Wish we could focus the debate more on hedge fund manipulation, particularly with PIPE's and convertible debentures, than on penny stocks like NFI and CKKM.
Hedge funds are the real scammers killing us retail microcap investors.
Deephaven among funds in SEC investigation
Neal St. Anthony, Star Tribune
July 6, 2005 NEALST0706
Deephaven Capital Management, one of the country's largest hedge funds for affluent individuals and big institutions, has been dragged into a far-flung federal investigation into whether it profited -- to the disadvantage of small investors -- through large private investments in capital-hungry public firms.
Knight Capital Group, the New Jersey parent of Deephaven, has disclosed that Deephaven and "a former Deephaven employee" have been notified by regulators at the Securities and Exchange Commission that Deephaven may be sued for violating antifraud provisions of securities laws in connection with trading involving certain private investments in public equities (PIPEs) between June 1999 and March 2004.
In a letter to Deephaven investors, CEO Colin Smith said last week that the Minnetonka-based firm believes it's the target of an "industrywide review," that Deephaven is cooperating fully and that the investigation involves "an insignificant portion of the assets" held in one Deephaven fund.
"We discontinued all investments in PIPEs by August 2004," Smith's letter said.
Smith and a spokeswoman for Deephaven declined to comment Tuesday.
The investigation is believed to involve more than two dozen investment funds and already has resulted in some scalps. Regulators are looking into allegations of stock manipulation by hedge funds, which are big investors in PIPEs.
In May, Philadelphia hedge fund manager Hilary Shane agreed to pay fines and give up profits of more than $1 million as a result of a PIPE offering in a company called CompuDyne, according to the SEC case against Shane.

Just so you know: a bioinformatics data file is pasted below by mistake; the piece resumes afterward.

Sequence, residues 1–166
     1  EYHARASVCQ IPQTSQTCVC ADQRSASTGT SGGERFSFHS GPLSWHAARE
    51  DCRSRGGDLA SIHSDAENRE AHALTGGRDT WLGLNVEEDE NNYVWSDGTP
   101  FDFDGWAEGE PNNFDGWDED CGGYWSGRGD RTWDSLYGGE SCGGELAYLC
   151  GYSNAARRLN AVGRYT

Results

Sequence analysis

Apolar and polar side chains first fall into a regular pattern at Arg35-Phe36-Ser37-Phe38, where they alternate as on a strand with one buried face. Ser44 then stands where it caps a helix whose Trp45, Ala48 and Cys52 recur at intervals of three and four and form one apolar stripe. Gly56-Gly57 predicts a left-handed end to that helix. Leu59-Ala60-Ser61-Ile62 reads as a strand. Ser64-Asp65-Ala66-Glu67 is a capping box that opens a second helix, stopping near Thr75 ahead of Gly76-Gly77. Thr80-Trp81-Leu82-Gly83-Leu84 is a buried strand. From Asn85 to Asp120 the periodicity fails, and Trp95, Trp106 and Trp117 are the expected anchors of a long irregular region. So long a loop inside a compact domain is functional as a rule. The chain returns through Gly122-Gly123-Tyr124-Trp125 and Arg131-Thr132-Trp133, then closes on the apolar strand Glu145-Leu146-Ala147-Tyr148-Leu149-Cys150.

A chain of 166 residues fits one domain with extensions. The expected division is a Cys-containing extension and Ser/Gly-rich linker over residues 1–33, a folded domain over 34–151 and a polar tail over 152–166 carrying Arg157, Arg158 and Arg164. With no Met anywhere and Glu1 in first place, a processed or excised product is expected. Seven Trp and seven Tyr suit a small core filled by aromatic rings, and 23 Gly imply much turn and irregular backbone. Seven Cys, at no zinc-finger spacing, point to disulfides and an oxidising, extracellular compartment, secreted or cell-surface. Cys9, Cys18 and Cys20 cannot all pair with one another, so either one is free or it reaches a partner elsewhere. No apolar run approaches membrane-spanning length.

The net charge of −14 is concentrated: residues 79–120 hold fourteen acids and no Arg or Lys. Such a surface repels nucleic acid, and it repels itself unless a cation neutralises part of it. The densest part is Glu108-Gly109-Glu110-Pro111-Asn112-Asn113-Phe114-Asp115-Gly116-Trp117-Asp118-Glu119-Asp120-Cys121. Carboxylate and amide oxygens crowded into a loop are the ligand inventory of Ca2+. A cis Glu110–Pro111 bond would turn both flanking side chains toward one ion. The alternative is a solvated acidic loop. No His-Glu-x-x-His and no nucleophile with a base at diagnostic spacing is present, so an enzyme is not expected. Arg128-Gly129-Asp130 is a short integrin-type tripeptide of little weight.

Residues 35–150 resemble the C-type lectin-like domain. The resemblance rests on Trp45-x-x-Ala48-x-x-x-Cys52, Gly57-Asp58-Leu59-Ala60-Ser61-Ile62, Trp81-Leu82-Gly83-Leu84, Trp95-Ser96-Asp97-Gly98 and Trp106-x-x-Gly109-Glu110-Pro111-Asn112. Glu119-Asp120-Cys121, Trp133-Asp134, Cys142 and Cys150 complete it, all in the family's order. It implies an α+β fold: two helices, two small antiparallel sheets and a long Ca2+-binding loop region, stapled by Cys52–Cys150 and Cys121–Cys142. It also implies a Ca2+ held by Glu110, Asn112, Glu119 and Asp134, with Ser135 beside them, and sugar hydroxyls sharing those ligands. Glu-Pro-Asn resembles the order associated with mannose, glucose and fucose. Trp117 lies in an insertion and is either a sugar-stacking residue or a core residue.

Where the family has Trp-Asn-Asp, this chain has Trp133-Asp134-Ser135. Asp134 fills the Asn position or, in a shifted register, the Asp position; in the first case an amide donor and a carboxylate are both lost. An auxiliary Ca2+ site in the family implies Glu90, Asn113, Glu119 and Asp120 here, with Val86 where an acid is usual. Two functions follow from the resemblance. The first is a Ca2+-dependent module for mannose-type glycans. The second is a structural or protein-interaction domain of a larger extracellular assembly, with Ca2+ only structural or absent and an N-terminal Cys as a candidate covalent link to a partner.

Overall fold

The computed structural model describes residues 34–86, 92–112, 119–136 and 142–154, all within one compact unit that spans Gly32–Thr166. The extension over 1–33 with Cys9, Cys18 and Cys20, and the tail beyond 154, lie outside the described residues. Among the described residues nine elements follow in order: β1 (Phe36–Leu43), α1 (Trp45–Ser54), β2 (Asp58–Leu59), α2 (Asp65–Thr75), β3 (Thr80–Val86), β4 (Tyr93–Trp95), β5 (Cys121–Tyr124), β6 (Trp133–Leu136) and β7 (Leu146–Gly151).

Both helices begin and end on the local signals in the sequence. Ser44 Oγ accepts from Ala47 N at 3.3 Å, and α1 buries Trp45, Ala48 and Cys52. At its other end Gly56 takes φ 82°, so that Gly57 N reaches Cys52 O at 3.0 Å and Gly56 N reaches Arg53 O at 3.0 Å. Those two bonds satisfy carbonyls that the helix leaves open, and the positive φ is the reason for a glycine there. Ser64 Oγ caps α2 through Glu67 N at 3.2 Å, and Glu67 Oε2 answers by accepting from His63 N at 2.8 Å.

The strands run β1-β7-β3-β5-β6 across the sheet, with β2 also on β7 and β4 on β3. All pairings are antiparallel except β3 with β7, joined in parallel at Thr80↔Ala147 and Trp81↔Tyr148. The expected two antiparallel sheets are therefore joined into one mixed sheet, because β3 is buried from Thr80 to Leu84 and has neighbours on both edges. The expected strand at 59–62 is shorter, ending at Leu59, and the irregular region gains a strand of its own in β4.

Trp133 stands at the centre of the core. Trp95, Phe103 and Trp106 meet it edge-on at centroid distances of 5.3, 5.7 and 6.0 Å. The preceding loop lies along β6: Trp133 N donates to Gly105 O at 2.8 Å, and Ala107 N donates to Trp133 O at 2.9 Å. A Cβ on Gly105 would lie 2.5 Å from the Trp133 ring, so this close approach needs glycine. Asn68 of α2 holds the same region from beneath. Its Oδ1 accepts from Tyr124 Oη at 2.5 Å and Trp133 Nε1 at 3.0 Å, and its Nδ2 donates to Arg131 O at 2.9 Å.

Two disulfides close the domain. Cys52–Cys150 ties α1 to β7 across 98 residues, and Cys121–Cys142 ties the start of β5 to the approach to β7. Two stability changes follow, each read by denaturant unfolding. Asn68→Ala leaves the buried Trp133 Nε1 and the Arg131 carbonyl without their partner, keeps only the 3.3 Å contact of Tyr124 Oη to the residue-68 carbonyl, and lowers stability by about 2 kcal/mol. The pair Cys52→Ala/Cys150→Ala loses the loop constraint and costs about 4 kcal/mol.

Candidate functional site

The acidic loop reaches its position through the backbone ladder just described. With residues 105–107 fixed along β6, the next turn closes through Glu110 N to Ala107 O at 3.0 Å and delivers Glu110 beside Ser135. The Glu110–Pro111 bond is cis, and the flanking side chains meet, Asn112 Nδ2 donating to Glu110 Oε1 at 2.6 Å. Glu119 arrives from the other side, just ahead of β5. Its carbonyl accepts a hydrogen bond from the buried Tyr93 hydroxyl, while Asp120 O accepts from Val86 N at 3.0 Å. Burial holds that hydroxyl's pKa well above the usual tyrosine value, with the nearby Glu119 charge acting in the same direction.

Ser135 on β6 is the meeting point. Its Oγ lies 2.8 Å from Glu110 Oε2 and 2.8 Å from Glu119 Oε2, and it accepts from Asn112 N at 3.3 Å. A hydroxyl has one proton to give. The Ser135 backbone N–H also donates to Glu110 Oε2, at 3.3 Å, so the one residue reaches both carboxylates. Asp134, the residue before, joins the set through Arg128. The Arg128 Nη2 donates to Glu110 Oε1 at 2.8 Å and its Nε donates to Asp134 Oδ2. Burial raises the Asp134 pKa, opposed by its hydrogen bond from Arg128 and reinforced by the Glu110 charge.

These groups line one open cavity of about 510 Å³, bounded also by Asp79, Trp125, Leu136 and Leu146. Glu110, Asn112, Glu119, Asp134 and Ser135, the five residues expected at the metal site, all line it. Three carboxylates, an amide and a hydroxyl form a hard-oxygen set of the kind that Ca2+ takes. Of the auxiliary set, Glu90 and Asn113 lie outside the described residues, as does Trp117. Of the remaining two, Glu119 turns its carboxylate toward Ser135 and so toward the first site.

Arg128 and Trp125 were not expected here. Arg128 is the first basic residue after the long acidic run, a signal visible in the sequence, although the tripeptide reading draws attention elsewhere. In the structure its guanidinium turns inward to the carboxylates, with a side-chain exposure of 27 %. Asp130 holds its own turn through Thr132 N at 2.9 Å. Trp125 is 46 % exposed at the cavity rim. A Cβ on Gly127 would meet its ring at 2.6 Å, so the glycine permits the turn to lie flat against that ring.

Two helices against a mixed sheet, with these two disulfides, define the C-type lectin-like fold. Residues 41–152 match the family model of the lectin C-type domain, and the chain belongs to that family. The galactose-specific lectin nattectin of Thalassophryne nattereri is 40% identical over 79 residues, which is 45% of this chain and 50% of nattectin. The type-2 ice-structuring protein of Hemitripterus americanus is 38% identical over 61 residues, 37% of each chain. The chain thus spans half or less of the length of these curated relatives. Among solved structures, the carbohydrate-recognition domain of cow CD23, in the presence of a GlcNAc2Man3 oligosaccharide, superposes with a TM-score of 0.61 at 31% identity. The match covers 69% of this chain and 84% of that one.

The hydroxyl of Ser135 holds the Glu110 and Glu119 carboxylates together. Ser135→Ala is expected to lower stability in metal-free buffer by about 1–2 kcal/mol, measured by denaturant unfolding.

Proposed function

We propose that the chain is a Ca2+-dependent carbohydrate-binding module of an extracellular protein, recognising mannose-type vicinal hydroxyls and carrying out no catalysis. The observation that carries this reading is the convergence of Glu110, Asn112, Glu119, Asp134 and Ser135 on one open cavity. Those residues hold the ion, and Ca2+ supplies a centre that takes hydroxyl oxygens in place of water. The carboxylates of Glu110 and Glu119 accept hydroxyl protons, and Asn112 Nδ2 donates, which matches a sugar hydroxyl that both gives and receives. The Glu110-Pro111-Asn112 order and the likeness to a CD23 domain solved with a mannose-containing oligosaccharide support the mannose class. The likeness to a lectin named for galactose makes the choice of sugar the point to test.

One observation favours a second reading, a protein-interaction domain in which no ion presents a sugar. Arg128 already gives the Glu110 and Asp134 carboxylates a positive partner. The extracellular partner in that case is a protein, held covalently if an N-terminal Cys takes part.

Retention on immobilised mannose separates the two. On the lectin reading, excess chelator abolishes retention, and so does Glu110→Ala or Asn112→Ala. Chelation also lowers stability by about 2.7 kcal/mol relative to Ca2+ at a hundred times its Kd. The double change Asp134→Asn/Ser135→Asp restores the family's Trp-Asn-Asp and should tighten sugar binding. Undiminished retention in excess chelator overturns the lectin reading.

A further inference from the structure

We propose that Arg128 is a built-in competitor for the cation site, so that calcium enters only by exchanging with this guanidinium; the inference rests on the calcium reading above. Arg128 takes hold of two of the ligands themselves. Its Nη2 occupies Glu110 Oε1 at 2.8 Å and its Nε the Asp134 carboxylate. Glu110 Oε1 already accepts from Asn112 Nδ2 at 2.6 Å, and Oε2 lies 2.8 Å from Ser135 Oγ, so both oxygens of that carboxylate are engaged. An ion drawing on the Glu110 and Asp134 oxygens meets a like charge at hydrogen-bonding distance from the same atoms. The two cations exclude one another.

In a PIPE offering, investors commit to buy restricted shares in a company, often troubled, usually at a discount to the market price.
The company agrees, in turn, to file a "resale registration statement" that enables the PIPE investors to resell the shares to the public.
The PIPE investments often constitute a big block of shares, and the news of the investment often drives down the price of the company because of the dilution that occurs for existing shareholders. In Shane's case, the SEC said, she violated a confidentiality agreement and securities laws by short-selling shares of CompuDyne in her private account and her firm's account the day before the equity infusion was announced.
When investors short a stock, they are betting that the price will go down. Usually, they have to borrow the stock they are shorting. Shane covered all her short sales with the shares she obtained in the PIPE offering, making big profits for herself and her firm as CompuDyne shares plummeted.
And TheStreet.com reported last week that brokerage firm Friedman Billings Ramsey has "proposed paying a $7.5 million penalty to regulators to settle allegations arising from its role as the placement agent for a 2001 PIPE deal. The SEC and the National Association of Securities Dealers, which also investigated abuse in the $14-billion-a-year PIPEs market, have not yet decided whether to accept the Virginia-based investment firm's offer."
The investigation of Friedman Billings also led to the forced the retirement of Emanuel Friedman, the firm's founder and CEO, who is under SEC investigation.
Deephaven, with about $3.5 billion in assets under management, generated $77 million in asset-management fees, according to Knight's 2004 annual report.
Hedge funds typically solicit money from so-called "accredited investors" who have at least $1 million in net worth and who can invest a minimum of $250,000. Deephaven said last year that its minimum investment is $2 million and that it has posted after-fee average compound annual returns of 20 percent over 10 years through 2003, double that of the S&P 500.
Deephaven was in the news recently when it announced that it would mount a proxy campaign to oppose MCI Incorporated's buyout offer from Verizon Communications.
Hedge funds largely are unregulated by the SEC, which has moved in recent months to order the fast-growing segment of the investment industry to meet certain registration and compliance standards.
Neal St. Anthony can be reached at 612-673-7144 or nstanthony@startribune http://www.startribune.com/stories/1069/5492018.html